What is behemoth in the book of Job?
Was behemoth in Job 40:15 a dinosaur?
Or was it an elephant, a hippopotamus, or a mythical creature?
We believe behemoth was a real animal that is now extinct, and that it could have been a dinosaur. We will tell you why.
The problem of translation
In Job 40:15, God says to Job, “Behold now behemoth, which I made with thee; he eateth grass as an ox.” This word behemoth appears only once in the whole Bible. This makes it difficult to translate because the full descriptions of behemoth in Job 40 do not match any known living animal. And Bible translators had no other passage to compare it with for extra meaning. The safest choice then, and one taken by careful Bible translators, has been simply to use the word behemoth, and not to try to translate it.
In the first edition of the King James Bible, in 1611, the translators used behemoth in the biblical text, but added the margin note “Or, the Elephant, as some thinke.” The slightly earlier Geneva Bible of 1599 also left behemoth in the text, but also added the margin note “This beast is thought to be the elephant, or some other, which is unknowen.” (Note of interest: The passage that became Job 40:15 in the King James Version was Job 40:12 in the Geneva Bible because the chapter breaks were slightly different.)
The Authorised Standard Version of 1901 marched into dangerous territory when, following Dr. James Strong's awkward earlier attempt to translate the word, it substituted hippopotamus for behemoth in the biblical text.
Some people have thought behemoth is a mythical creature. More recently, creationist scholars have suggested that, as incredible as it seems to some, the creature that best fits the description is a dinosaur.
So what is it?
Navel of his belly
Skeptics sometimes point out that Job 40:16 describes the behemoth as having his force “in the navel of his belly”. “But dinosaurs are reptiles,” they say, “so they would not have had navels.”
However, the Hebrew word that the King James translators chose to translate as navel is more likely to mean muscles, as most other Bible translations attest.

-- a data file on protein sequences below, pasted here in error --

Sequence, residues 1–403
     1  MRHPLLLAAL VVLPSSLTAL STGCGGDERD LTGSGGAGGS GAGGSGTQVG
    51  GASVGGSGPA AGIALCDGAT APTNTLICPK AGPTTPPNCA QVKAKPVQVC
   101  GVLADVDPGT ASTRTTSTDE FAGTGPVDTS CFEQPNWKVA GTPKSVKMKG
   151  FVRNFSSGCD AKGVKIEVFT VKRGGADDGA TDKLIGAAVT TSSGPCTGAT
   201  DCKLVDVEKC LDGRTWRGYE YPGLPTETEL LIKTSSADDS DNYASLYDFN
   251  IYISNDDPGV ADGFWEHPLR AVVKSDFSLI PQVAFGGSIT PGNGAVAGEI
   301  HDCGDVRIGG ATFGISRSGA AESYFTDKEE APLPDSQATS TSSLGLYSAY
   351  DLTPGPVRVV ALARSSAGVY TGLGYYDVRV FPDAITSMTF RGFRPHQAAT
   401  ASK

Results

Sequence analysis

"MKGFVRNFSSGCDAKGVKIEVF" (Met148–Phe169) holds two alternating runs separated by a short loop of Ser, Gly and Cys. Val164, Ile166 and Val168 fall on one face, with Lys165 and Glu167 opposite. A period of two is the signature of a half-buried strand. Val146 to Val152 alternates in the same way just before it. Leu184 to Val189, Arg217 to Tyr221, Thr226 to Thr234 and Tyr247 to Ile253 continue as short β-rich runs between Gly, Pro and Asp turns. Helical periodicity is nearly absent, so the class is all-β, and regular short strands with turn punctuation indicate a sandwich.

And that makes more sense anyway, because an animal's power (force) is more likely to reside in it muscles than in its belly button. Navels are not things of force, but muscles are.
Chief of God's ways
God describes Behemoth as “the chief of the ways of God”, which fits a massive dinosaur better than any other creature. No one at the time knew about dinosaur fossils when the translators worked on the Geneva Bible and King James Version, so the translators did the best they could with their margin notes.
God says “Behold now behemoth, which I made with thee.” God created dinosaurs and all other land animals with man on the sixth day of creation week. Their bodies were all formed from the basic elements of the earth. But only humans were made in the image of God.
Possibly dinosaurs existed in Job's time about 4000 years ago. This was not long after Noah's Flood, and there would have been dinosaur representatives on the Ark. Dr. Henry Morris says in The Defender's Study Bible, “Some descendants survived to and beyond Job's day, giving rise to all the traditions of dragons in various parts of the world.”
We cannot be dogmatic that behemoth was a dinosaur. Possibly it was another extinct creature. But the description fits a dinosaur better than any other creature known.